Efstathiou: "There were some lessons learnt about when to use a local contractor and when to use international contractors and suppliers. That is always the place where you can do better, not just with the Burj Dubai but in any project."
Baker: "We discovered that we had created a new structural system that enabled us to go so high. We also learnt a lot about the scale – we had to understand how to change the building so that it did not look huge. We also had to learn a great deal about wind engineering and construction technology. Samsung, Besix and Arabtec JV did an excellent job in preplanning and coordinating so that the job went very smoothly. The best thing that an engineer can say about a contractor is that the project was uneventful. It was like virtually no surprises.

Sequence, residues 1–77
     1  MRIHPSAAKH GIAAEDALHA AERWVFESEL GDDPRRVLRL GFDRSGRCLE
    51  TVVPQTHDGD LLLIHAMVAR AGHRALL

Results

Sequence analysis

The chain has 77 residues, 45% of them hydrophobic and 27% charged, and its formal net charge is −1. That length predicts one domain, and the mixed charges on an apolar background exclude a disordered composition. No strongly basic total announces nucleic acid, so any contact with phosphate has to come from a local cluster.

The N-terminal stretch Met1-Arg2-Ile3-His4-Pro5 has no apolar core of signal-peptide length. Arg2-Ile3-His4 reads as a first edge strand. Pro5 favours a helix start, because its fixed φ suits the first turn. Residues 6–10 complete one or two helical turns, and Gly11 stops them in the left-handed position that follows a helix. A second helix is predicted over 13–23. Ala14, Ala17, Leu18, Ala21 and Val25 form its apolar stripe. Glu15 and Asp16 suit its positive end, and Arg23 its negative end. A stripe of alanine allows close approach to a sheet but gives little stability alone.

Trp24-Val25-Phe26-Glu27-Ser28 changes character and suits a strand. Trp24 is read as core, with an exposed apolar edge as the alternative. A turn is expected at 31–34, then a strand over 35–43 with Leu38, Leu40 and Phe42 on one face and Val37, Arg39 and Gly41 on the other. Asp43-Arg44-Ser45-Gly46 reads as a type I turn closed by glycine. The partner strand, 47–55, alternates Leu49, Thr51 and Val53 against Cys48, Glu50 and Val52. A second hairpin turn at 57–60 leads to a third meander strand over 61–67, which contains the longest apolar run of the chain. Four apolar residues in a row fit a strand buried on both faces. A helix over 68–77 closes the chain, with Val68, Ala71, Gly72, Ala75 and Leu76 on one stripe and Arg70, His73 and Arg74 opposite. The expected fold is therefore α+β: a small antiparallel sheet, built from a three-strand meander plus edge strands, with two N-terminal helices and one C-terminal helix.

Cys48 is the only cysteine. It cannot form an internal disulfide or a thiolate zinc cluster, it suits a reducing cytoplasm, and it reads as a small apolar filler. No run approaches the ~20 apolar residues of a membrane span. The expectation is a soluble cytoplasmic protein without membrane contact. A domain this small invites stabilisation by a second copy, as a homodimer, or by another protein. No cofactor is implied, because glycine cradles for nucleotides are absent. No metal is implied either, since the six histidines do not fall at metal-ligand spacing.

We also learnt that we can go much higher. We can do a taller building much faster now with the same cost that we have finished with at the Burj Dubai and learned so much. The innovations are secrets and we have some definite ideas that we are going to keep that to ourselves right now. The single biggest challenge was understanding the wind and how we can design for the wind."